We know in Miami if we don't play in an environment that will be the center of what's happening there culturally, we will not succeed. We can't go into a situation where that is up in the air because of our failure in the past. Let's basically call it what it is. We were in the wrong spot, we were in that market and we failed!

Question: Will the MLS exercise the option to keep "Cubo" Torres playing here or not?

Garber: Let's say we would like to. We haven't been able to make that decision yet. We think he could be and has been a great player in our league and certainly deserves to be in a position where he can thrive in a new team setting, rather than the one that he was in. The decision hasn't been made yet, but I'll tell you we would love to have him continue in the league.

Question: Will the away-goal rule continue to be used in future playoffs?

Garber: The answer to that is yes. It's interesting. If you're a Seattle fan you might not like the away-goal rule when you lost out to L.A., but you really liked it when you were playing Dallas. So we believe that rules can help games become more competitive and also we are trying to attract the larger soccer market that we only have a portion of.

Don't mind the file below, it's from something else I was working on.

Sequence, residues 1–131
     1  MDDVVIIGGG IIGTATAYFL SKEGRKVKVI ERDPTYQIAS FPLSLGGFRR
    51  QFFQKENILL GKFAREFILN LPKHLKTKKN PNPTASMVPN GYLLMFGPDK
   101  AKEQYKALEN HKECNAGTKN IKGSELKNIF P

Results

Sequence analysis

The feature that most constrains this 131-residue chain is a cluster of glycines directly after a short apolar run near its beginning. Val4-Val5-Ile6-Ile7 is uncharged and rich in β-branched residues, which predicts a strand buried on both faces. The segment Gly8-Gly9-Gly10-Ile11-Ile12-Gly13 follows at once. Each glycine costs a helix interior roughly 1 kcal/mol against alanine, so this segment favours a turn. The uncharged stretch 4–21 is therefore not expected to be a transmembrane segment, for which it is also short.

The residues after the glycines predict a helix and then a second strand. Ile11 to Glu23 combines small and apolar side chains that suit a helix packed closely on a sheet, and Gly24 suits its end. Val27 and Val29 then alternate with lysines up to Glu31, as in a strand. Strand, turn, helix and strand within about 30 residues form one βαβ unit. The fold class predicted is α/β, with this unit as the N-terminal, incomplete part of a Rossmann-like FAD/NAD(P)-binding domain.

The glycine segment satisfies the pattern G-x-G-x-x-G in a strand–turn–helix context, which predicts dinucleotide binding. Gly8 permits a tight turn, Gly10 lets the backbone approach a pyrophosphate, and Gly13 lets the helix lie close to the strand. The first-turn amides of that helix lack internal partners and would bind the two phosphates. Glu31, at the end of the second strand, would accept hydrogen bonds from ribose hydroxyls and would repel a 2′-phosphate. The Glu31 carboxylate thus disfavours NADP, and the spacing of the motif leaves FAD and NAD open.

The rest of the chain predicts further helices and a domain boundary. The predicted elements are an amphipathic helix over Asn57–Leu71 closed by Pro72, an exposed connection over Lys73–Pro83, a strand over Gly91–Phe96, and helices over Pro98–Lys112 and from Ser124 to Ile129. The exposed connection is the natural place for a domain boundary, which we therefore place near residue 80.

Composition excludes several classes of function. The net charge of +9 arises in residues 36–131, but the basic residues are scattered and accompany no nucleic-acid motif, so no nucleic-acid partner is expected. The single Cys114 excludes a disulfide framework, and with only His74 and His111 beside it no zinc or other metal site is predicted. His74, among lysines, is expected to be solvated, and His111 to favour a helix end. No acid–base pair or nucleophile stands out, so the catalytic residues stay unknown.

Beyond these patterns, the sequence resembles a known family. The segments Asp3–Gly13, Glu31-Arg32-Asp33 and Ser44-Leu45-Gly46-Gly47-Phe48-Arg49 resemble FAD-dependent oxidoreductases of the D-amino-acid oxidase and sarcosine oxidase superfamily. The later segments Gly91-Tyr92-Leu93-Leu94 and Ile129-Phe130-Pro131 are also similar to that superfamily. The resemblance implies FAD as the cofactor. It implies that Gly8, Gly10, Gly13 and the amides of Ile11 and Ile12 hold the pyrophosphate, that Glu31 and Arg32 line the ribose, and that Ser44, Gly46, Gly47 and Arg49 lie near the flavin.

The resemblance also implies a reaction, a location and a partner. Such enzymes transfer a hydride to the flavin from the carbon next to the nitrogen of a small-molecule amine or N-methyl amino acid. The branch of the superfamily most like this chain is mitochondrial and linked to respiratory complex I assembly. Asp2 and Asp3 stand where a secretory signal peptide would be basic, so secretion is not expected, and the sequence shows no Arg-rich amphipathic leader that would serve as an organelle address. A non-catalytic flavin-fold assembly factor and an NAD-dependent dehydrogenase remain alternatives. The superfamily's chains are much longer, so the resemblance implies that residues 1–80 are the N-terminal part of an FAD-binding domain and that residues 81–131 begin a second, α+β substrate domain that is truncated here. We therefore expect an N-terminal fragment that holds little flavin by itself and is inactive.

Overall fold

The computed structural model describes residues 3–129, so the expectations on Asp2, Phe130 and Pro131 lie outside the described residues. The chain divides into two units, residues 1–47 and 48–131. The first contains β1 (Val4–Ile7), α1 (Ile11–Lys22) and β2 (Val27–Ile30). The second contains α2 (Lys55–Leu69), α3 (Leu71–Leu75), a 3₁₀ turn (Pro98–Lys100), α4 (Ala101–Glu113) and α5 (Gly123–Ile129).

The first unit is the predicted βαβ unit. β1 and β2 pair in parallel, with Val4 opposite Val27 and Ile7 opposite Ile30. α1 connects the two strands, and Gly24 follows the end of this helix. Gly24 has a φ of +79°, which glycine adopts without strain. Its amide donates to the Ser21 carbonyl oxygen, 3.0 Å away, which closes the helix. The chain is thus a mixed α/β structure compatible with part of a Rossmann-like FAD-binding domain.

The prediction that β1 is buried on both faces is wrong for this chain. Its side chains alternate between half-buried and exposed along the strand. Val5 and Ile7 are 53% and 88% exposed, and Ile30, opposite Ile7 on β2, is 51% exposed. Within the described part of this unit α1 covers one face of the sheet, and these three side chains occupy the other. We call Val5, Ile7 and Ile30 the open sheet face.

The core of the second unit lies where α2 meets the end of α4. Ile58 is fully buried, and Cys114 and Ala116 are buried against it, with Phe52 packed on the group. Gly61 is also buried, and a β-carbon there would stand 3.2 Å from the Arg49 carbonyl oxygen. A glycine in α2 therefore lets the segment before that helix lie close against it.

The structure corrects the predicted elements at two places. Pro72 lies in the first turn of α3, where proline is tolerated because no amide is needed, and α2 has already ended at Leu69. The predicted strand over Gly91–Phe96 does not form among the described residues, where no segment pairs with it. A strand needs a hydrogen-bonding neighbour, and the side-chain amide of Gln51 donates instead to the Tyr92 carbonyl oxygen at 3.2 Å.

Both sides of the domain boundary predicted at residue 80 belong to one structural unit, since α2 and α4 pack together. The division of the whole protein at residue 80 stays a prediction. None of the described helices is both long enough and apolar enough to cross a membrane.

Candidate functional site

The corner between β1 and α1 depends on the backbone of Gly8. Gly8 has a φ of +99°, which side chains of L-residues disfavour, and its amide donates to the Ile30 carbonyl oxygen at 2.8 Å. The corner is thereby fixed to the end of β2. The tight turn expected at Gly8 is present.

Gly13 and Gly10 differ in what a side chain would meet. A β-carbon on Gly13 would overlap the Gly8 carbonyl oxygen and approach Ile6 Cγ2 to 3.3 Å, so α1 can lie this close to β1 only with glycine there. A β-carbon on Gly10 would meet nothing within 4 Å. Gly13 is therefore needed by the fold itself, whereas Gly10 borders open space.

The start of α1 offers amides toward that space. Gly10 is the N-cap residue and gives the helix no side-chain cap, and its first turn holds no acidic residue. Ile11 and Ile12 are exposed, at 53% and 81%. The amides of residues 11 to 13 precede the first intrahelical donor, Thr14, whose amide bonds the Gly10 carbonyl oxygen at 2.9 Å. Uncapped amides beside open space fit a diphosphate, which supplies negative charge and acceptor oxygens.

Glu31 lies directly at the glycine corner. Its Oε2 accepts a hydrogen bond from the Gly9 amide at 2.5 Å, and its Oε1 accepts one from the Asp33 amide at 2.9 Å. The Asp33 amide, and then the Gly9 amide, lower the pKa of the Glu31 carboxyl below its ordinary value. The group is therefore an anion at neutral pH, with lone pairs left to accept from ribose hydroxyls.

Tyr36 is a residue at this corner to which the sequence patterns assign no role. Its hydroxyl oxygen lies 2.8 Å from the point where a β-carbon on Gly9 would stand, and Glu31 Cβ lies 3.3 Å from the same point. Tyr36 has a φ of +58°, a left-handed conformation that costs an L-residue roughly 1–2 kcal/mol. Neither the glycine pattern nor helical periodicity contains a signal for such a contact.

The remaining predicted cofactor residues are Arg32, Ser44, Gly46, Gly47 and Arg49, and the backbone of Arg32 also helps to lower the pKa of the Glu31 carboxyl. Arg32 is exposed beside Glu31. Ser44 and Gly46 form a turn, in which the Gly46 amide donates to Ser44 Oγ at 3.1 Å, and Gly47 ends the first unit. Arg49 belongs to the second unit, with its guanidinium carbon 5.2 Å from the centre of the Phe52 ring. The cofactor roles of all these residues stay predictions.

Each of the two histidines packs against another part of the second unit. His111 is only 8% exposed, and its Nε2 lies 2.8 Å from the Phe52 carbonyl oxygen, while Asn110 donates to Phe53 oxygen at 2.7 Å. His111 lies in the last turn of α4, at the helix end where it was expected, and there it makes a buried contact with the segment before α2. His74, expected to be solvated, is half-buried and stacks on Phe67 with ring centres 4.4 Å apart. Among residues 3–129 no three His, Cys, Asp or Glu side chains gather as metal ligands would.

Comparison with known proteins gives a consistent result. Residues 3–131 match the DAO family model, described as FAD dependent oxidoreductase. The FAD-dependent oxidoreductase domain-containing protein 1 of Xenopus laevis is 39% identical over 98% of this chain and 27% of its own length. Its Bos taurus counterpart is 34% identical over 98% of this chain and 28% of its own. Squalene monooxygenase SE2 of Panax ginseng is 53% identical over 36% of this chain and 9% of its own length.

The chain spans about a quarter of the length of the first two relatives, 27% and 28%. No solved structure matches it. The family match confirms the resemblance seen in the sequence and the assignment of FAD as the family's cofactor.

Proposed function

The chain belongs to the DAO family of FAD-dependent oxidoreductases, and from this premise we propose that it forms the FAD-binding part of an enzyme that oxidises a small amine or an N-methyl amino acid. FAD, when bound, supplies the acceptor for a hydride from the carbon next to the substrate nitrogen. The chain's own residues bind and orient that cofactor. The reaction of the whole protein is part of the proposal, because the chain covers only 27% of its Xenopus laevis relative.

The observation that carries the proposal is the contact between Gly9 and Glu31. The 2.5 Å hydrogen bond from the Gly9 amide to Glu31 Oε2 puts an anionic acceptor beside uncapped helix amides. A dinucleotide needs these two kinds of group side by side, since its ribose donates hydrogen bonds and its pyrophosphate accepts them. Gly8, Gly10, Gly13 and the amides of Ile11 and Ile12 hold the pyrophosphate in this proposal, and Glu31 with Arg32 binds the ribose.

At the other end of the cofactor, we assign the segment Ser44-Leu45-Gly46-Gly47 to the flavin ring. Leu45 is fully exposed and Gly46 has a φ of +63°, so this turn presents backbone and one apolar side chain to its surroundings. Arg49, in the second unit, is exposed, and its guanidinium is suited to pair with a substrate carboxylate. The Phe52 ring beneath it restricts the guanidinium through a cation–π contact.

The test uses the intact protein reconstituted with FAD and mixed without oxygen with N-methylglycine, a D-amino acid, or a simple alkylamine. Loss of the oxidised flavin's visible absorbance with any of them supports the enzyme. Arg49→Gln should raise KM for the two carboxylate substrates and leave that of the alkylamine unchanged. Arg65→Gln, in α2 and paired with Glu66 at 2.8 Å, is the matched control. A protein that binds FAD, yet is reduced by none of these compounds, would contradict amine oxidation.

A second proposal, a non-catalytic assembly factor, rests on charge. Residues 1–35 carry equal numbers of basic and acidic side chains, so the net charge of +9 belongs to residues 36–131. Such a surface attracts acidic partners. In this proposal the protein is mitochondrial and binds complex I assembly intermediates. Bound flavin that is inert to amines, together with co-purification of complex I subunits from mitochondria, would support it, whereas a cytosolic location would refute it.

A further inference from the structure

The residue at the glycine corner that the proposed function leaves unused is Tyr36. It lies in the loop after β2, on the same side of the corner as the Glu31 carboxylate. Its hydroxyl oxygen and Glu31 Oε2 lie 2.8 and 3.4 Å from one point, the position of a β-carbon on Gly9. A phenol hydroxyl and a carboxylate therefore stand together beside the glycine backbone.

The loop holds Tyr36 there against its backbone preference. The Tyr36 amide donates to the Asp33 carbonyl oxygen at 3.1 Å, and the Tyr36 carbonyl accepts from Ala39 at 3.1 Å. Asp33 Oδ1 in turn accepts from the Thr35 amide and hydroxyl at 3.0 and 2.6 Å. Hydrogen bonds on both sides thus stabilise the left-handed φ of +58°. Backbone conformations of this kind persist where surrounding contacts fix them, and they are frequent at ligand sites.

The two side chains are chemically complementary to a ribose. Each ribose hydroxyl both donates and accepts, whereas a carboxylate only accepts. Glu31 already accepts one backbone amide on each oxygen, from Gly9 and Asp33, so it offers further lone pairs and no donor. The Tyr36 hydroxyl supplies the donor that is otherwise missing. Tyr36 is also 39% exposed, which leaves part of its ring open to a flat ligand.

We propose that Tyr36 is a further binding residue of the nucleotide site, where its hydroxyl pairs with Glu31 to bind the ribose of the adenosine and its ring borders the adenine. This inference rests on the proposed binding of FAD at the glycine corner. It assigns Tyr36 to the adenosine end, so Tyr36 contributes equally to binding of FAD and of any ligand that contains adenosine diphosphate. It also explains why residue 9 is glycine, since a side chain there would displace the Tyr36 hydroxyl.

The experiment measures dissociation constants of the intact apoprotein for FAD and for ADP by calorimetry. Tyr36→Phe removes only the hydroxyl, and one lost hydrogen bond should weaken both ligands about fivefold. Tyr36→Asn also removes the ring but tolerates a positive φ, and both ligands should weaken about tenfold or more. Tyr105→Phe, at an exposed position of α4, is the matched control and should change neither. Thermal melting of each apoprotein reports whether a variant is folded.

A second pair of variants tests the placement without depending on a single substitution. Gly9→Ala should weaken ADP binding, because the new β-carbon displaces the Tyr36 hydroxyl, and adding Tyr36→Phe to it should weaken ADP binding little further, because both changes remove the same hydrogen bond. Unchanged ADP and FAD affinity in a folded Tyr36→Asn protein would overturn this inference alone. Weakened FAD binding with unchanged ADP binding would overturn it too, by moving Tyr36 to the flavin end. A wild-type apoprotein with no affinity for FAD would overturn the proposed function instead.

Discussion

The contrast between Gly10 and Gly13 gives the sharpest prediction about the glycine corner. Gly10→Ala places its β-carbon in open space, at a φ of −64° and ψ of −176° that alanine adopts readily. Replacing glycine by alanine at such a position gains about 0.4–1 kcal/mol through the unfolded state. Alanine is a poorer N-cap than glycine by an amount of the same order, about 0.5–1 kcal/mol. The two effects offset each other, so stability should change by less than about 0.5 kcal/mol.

So I might get that a baseball fan doesn't understand how Seattle won in Seattle but lost out and isn't going to be playing in the MLS Cup, but there is no soccer fan in our countries that don't understand that, particularly all our friends that are connected to League MX, so for now it is going to be part of our rules.

Question: How are you guys going about saying we can get these European guys, I'm talking European players who represent their national teams who are still considered in their prime? How do we get those guys to Major League Soccer?

Garber: Part of the problem is some people view a player who might have made the decision to leave Europe at a particular time that he's no longer a top player, and I don't believe that to be true. I believe that when Robbie [Keane] came to this league he was in his prime. David Beckham was 31 years old. You know at 31 you're not over the hill.

Michael Bradley came in his twenties and Clint Dempsey, putting aside what anybody else may think, I don't think Clint Dempsey came to Major League Soccer because he wasn't in his prime and couldn't make it in Europe. He decided he wanted to make the MLS a choice.

I think without being cute about it, how do you get the next Messi in their prime to play in MLS? That's something that is going to happen one of two ways. We either develop that player, and we're able to sign him, which we very much want to do, or we're in a position where we have enough revenue to be able to go out and attract that player and be able to have him decide at 25, put Michael Bradley aside, that this is the place which is best for him and his career.

Question: Will there ever be promotion and relegation in MLS?

Garber: Ever is a long time. I don't know what will happen after they kick me out of here. It's not happening anytime soon.